internal medicine

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Health Boost: Story-Sharing Kiosk For Hospital Patients Coping With Illness Set To Launch

If you were really sick, with cancer, let’s say, or a debilitating eating disorder or heart condition that put you in the hospital, would you want to hear from other patients like you? Would you feel better sharing your story? A growing body of research suggests you would.

That’s the idea behind the SharingClinic, a kiosk stocked with a collection of audio clips from patients facing a range of illnesses. It’s set to launch as an interactive exhibit at the Massachusetts General Hospital Paul S. Russell Museum in January. The goal is to ultimately move the listening kiosk into the main hospital.

The project was born out of frustration with a medical system that no longer has the time to really listen to patients, says Dr. Annie Brewster, an MGH internist who’s been developing the listening kiosk for the past four years. Brewster (a frequent contributor to CommonHealth) is also the founder of Health Story Collaborative, a non-profit that helps patients and caregivers tell their own medical stories for therapeutic value.

Patients visiting the SharingClinic can choose from a range of story types and perspectives. (Courtesy: Tara Keppler, graphic design)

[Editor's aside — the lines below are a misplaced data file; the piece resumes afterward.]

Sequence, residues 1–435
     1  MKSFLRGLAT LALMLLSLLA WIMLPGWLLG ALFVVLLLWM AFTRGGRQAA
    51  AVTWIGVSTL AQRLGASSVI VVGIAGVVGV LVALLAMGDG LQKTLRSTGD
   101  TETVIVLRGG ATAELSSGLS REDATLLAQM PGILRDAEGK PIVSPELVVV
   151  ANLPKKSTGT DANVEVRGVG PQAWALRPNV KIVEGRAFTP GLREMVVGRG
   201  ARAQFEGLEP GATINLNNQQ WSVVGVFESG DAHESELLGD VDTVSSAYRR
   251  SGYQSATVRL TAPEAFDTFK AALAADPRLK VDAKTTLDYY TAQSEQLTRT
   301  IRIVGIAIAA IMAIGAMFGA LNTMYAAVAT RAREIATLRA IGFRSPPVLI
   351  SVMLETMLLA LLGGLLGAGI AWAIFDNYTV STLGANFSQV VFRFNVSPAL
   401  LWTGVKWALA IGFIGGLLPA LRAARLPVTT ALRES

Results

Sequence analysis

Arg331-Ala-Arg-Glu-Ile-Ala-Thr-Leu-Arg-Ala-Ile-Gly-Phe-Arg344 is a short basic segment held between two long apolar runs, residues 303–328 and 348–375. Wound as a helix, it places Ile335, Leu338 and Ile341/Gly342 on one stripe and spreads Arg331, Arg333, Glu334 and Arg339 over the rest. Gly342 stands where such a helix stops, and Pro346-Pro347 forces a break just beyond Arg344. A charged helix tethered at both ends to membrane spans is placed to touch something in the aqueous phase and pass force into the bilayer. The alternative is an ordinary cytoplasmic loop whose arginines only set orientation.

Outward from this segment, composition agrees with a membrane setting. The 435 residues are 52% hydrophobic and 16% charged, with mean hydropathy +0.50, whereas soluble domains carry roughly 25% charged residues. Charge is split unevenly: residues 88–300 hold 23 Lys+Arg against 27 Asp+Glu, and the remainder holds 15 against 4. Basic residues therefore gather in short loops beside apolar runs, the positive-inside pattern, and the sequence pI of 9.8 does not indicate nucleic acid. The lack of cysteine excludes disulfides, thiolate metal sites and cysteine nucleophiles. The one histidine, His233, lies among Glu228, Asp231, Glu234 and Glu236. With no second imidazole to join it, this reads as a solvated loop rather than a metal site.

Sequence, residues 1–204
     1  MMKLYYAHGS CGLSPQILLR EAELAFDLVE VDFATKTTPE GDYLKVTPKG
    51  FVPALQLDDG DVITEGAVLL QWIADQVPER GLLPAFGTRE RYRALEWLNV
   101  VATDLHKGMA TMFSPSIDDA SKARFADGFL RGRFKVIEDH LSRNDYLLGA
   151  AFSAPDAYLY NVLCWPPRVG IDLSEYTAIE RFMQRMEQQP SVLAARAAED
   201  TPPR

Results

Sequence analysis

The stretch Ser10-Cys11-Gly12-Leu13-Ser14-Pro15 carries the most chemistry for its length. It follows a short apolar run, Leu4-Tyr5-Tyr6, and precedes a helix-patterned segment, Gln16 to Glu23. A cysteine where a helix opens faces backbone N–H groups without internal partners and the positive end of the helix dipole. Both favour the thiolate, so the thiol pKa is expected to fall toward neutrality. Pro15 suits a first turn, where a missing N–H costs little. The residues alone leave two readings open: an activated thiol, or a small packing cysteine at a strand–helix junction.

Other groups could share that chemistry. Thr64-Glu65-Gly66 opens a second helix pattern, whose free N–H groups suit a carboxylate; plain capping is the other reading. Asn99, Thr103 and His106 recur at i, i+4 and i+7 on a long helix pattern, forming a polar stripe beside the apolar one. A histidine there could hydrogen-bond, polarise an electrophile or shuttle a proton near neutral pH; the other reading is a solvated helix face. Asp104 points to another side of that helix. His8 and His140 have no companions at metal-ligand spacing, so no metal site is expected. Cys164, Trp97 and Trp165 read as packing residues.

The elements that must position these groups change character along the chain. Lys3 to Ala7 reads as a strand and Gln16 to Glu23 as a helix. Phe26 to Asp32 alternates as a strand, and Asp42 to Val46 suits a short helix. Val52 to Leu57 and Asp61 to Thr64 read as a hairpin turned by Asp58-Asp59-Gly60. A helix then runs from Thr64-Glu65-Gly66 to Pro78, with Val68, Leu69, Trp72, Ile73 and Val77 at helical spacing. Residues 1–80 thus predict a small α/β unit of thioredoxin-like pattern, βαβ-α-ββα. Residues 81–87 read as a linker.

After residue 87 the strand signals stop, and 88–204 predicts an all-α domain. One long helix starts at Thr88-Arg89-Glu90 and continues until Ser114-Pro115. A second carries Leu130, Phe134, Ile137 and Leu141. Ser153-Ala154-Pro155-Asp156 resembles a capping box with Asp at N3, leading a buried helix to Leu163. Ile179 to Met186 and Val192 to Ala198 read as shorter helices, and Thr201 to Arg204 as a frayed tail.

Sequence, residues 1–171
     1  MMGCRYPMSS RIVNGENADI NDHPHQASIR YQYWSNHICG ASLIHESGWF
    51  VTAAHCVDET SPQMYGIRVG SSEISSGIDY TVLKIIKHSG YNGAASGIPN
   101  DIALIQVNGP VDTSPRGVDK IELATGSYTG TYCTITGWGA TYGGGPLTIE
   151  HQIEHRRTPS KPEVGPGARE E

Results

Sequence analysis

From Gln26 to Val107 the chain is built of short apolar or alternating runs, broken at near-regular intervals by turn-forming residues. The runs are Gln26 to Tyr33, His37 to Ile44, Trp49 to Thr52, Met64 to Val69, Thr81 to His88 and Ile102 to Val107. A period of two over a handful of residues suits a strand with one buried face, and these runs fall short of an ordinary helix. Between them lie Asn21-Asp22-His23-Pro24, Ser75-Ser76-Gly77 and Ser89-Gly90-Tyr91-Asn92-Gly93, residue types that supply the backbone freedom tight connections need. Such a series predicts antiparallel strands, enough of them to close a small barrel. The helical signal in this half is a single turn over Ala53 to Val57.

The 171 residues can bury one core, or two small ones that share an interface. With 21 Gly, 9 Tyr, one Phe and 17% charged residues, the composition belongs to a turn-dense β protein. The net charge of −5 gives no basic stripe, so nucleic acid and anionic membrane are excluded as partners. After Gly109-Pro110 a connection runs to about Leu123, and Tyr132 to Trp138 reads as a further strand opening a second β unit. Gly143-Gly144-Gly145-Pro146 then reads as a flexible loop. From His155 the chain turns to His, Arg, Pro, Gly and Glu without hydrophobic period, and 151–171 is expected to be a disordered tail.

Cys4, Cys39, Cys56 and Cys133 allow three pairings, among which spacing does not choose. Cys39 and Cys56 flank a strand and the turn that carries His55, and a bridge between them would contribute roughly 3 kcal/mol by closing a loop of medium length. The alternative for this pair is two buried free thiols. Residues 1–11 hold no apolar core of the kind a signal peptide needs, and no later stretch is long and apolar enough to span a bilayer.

Patients visiting the SharingClinic can choose from a range of story types and perspectives. (Courtesy: Tara Keppler, graphic design)

Ultimately, the MGH kiosk will offer a range of storytelling from different perspectives: hospital patients, their families and friends, doctors, nurses, psychiatrists and others. A touch screen allows listeners to select stories by diagnosis, by theme or by perspective. Listeners will also be able to comment. Currently over 100 clips are already collected, and the process is ongoing. The software, designed in collaboration with computer programmer David Nunez, previously at the MIT Media Lab, allows for easy, regular addition of new content. A downloadable app is currently in development.

“SharingClinic will take on a life of its own, constantly growing and changing, shaped by story sharers and listeners,” Brewster said. Listen to few sample clips:

Why did she embark on all this? Brewster says: “Facing illness can be scary and isolating, and hospitals an be alienating. Our goals are to empower and connect individuals facing health challenges — to remind people that they are not alone — and to improve the culture of the hospital through storytelling.”